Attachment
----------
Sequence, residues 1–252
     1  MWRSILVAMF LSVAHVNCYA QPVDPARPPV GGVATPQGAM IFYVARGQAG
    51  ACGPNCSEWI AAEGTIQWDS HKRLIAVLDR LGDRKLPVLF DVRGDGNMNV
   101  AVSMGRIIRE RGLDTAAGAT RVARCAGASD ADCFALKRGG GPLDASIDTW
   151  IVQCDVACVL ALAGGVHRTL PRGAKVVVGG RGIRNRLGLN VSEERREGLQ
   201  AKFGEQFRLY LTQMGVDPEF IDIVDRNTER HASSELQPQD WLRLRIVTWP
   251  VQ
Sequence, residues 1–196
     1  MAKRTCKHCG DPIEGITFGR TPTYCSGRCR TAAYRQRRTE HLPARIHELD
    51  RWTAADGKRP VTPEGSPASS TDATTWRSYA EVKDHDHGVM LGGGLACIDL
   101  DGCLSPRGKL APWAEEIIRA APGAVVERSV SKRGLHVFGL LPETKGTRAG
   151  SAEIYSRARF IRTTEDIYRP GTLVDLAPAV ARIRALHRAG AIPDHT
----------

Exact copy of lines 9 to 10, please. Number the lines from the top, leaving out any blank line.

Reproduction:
     1  MAKRTCKHCG DPIEGITFGR TPTYCSGRCR TAAYRQRRTE HLPARIHELD
    51  RWTAADGKRP VTPEGSPASS TDATTWRSYA EVKDHDHGVM LGGGLACIDL